Something I wrote has gone 'semi-viral,' and I wouldn't have predicted it in a million years. But the statistics are inescapable, and there's a lesson to be learned here.
Last month was the best month ever for this blog, as defined by the number of page views - about 3700. And much of this growth is due to the unexpected popularity of a single entry. Here's the overview - a graph of Page Views per month:
The steady upward trend is great news. Most of us maintain blogs in order to attract and please a target audience. And the statistics can help us evaluate whether we're succeeding. The number of visitors to my blog has been steadily increasing since I set it up and wrote my first blog post back in February 2011, so it seems that my efforts are at least modestly successful.
But what are the visitors coming to see? Are they doing what I hope they will do, which is to be entertained and informed while at the same time gently being exposed to the books I've written and am hoping to promote? The answer seems to be 'Yes' - but with a significant twist. Here is a list of the most popular individual entries.
And therein lies the big surprise. The hands-down most visited post on this blog every day is not a current one, and it's not one that I ever targeted for attention. It's a nearly three-year-old entry - just the third one of more than 500 that I have now written.
That 'semi-viral' post simply presents a straightforward tutorial on how to write a specific form of poetry, giving a few classic examples then a bunch of examples that I wrote myself. Here's a link to that post, and the title I chose for it:
The Tight-Rhymed Fourteener Couplet (poetry)
Does that sound like a winner? Sounds pretty 'nerdy' to me. The good news is that this entry is directly related to the one of the underlying missions of my blog - to expose readers *without charge or obligation* to my novel 'Eden's Womb'. The content of this entry refers to the book and gives specific examples that are part of the book (I use a short poem in this form as an 'epigraph' to every chapter).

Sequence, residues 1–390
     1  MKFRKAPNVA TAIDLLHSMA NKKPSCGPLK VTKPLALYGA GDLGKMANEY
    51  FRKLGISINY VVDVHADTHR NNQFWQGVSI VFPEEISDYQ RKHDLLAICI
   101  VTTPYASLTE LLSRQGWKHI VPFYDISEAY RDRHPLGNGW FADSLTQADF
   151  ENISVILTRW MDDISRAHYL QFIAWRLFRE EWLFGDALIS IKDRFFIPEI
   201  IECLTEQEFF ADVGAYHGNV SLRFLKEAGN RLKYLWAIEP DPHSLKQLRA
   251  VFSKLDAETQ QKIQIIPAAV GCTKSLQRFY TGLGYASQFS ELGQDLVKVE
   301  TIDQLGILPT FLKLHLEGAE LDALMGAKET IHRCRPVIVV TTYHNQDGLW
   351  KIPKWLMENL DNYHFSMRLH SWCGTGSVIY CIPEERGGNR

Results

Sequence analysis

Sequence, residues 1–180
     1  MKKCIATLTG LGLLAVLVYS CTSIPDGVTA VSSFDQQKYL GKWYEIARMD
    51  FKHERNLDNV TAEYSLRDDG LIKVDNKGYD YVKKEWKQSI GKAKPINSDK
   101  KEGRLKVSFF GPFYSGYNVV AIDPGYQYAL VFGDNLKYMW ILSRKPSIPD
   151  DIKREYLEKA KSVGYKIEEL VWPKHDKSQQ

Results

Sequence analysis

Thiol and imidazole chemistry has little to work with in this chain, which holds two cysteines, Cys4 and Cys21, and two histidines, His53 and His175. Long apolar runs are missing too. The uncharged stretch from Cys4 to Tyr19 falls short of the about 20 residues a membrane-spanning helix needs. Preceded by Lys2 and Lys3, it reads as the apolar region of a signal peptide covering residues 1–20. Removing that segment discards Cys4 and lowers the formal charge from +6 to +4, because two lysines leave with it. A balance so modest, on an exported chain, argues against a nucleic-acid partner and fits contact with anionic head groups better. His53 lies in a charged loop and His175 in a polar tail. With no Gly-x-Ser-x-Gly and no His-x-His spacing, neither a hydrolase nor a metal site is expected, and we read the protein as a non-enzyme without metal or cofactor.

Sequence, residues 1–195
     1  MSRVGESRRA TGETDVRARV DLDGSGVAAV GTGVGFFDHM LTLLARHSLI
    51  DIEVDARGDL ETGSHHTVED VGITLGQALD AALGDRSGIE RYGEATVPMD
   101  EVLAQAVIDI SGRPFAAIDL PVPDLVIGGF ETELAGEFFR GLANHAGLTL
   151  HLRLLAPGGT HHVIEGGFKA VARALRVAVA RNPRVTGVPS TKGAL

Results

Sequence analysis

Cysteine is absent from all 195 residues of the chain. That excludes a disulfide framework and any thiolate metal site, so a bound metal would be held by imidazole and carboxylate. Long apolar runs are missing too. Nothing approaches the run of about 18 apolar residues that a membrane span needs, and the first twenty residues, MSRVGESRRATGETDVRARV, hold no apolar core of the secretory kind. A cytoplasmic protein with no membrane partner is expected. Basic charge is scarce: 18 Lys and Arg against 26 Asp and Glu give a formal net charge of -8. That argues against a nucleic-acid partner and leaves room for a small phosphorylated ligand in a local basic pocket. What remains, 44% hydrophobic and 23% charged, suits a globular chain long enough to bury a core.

One might conclude that the lesson here is 'Throw a bunch of *bleep* at the wall and see what sticks'. But I don't think that will work if all you do on your blog is throw out *bleep* all the time. The other popular posts in the list suggest that diversity of content and genuine human interest are vital.
My other writing project is to write a book about my Appalachian Trail thru-hike in 2012. And many of my blog (and Facebook) followers were attracted to my on-line presence in order to follow that hike. On the list above, the second most popular entry ('Pinnacle and Pulpit') as well as the 5th, 8th and 9th are all focused on Appalachian Trail topics, and the most popular of these also have compelling human interest stories.
'Pinnacle and Pulpit' is about my encounter and extended conversations with a Transgender married couple--a significant rarity--a marriage between a man and a woman both of whom have chosen to change their sex through operations and hormone therapy.
'R.I.P.' and 'Connections' are posts that cover the heart-wrenching story about my meeting with and interactions with a hiker who lost his life in a drowning accident when he was within 100 miles of completing his Appalachian Trail thru-hike.
'Hiking Oregon Inlet Bridge' is also a hiking post, but not about the Appalachian Trail. It's about North Carolina's Mountains-to-Sea Trail, which I'm currently hiking; and I owe its popularity to the Friends of the Mountains-to-Sea Facebook Page, where they have been sharing links to my blog with their 5000+ followers. This is an example of networking for mutual interest. My hike benefits them through My Charity Donation Page. And they gain exposure with a wider audience.
The entry entitled 'Paradox, Of Huxley's Islet' is pure personal philosophy, though I manage to get in a mention of 'Ice King' there. It's a post that I shared with my ATTMP family of authors (nearly 100 strong)--perhaps I have them to thank for its popularity - Networking is always a good thing :-)
And similarly, the last post on the list features Stella G. Maddox, an author friend who has quite a significant following on Twitter. She writes clever and hilarious tweets about her parenting experiences that have been repeatedly recognized as 'favorites' by Huffington Post and other high-exposure web sites.
Okay ... so the stats seem to tell me that this blog is more-or-less on the right track. It's not exactly "trending" in the cyber universe, but perhaps it's the 'tortoise' playing the role of 'slow and steady' in contrast to the frenetic internet 'hares' that come and go in a flash. Of the more than 850 million currently active web sites, this little blog ranks up there among the top 19 million according to VampireStat.com:
Wow! My URL is worth about the price of a decent pizza! And earning 15 cents a day I can provide one meal to one starving third-world kid every other day. For those kids, that ain't chicken-feed.
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